PreprintPDF Available
Preprints and early-stage research may not have been peer reviewed yet.


Content may be subject to copyright.
A Workflow for Creating Publication Databases from Scratch
Jenny Oltersdorf1, Asja Mironenko2 and Jochen Gläser3, TU Berlin, HBS 7, Hardenbergstr.16-18, 10623 Berlin (Germany, TU Berlin, HBS 7, Hardenbergstr.16-18, 10623 Berlin (Germany), TU Berlin, HBS 7, Hardenbergstr.16-18, 10623 Berlin (Germany)
In many cases, the utilization of bibliometric methods for solving research problems or
practical problems depends on building a dedicated database because commercial databases
such as the Web of Science (WoS) or Scopus do not sufficiently cover the literature of interest.
In particular, researchers studying the social sciences and humanities often base their
analyses on dedicated databases which they created manually (e.g. Ardanuy et al. 2009,
Colavizza et al. 2018). In this extended poster abstract, we report part of our workflow for
building such a database, which ideally should contain all German publications from a
humanities field (Art History) and a social science field (International Relations) in a specific
period. We will use the database to study the communication behaviour of the two fields
through analyses of citation networks and citation contexts (Gläser and Oltersdorf 2019).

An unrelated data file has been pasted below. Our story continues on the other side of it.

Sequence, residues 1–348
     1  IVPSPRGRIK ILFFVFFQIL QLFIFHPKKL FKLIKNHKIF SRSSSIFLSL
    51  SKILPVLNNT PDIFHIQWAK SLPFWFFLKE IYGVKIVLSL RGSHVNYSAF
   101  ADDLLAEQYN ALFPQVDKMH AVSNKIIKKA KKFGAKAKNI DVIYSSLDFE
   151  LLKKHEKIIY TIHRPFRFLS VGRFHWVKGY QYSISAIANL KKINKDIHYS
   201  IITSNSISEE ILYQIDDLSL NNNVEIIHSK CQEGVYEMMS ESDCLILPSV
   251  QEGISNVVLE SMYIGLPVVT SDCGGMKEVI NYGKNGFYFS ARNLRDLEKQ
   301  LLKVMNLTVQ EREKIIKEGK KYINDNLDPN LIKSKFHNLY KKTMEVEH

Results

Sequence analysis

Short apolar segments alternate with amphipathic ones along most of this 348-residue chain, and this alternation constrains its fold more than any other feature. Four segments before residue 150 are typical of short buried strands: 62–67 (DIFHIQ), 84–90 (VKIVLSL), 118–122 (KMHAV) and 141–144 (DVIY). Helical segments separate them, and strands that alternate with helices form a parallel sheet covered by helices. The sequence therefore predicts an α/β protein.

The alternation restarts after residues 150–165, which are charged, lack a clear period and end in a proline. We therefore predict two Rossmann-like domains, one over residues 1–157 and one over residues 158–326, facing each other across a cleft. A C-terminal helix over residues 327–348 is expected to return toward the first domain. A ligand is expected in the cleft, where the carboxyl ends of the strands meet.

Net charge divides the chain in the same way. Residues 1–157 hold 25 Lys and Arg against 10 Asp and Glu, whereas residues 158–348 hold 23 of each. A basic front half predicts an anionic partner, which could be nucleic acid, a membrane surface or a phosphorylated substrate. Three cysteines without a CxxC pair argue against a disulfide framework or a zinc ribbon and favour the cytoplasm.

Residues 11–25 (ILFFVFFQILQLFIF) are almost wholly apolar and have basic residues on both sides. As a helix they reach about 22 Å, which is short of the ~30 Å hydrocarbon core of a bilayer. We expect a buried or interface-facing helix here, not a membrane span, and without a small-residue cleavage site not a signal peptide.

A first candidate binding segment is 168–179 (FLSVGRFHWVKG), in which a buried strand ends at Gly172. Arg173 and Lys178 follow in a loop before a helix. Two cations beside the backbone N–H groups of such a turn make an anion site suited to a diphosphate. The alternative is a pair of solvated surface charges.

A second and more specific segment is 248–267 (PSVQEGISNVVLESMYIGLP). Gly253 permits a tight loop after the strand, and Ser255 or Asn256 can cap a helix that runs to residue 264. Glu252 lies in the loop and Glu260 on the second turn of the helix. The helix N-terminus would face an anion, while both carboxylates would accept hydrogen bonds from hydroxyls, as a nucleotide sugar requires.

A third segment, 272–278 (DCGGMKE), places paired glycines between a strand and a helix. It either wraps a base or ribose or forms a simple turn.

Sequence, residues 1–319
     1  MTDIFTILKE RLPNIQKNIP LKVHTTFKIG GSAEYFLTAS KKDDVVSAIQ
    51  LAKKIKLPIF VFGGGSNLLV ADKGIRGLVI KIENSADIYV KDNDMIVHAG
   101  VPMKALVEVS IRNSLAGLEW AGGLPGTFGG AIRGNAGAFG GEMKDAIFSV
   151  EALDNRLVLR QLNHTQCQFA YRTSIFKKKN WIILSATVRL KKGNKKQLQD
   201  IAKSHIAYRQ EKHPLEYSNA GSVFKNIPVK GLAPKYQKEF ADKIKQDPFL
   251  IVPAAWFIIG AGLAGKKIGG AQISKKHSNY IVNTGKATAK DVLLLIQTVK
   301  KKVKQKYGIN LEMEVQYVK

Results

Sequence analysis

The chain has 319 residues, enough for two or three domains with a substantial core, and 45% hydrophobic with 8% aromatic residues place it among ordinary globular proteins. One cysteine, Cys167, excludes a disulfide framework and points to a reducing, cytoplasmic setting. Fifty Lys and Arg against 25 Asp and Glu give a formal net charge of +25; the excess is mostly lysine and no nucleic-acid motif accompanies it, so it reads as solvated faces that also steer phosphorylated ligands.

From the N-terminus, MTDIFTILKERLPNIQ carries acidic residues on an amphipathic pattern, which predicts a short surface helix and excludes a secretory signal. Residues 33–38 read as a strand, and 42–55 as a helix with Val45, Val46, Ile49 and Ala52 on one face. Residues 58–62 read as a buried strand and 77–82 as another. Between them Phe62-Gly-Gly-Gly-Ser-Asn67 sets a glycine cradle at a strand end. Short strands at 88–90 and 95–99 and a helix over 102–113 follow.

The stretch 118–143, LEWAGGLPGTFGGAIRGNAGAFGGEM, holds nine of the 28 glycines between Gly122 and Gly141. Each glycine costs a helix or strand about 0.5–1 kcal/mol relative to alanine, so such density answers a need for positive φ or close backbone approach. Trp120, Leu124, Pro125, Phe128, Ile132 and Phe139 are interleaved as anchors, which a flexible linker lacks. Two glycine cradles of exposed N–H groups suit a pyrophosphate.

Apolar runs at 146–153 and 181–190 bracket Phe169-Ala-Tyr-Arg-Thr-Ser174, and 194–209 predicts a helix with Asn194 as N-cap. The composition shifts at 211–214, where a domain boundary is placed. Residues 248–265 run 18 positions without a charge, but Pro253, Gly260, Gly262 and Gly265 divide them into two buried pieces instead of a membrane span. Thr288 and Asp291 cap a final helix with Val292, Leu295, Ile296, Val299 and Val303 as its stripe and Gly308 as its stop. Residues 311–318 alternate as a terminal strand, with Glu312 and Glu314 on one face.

Therefore, our dedicated database must include the publications’ references and full texts (or
at least the text surrounding the citations). The overall workflow for creating the database is
based on the following algorithm (Figure 1):
1) Construction of a seed data set from publication lists of university academics.
2) Expansion of seed data by
including publications from the target period that cite seed publications, and
including publications from the target period that are cited by seed publications
until saturation is reached.
Oltersdorf, J., A. Mironenko and J. Gläser (2020). A Workflow for Creating Publication Databases from Scratch. Lockdown
Bibliometrics: Papers not submitted to the STI Conference 2020 in Aarhus. J. Gläser. Berlin: 37-50.
Figure 1: Workflow for creating the database
Workflow for creating the seed data set
In our extended poster abstract and poster we describe the first step, i.e. the construction of
a seed data set, for the field of International Relations. The workflow includes the following
steps (Figure 2):
Construct seed data set for period [t1, t2]
Include publications from [t1, t2] cited by seed
data set
Include publications from [t1, t2] citing the seed
data set
Check saturation (number of publications
added in previous two steps)
Figure 2: Detailed workflow for creating the seed data set
1. Field delineation
Since the common approach to delineating a field by selecting publications does not work if
no publication database with sufficient coverage is available, we first established criteria for
the delineation of the two fields by consulting scholars in the field and library specialists, and
by reading introductory texts. We decided to start from individuals and their affiliation to
universities. For the field ‘International Relations’ (IR) we identified scholars who 1) have at
least a master's degree and 2) are affiliated to a German university that 3) maintains a
department with a research focus on IR. We disregarded nationality, country of graduation,
and publication languages. This means that for creating the seed data set, we considered
German IR to be represented by scholars who are currently located at German universities.
This decision could be challenged and merits further discussion. A closer look reveals that
delineating a national sub-community is by no means trivial because nationality, publication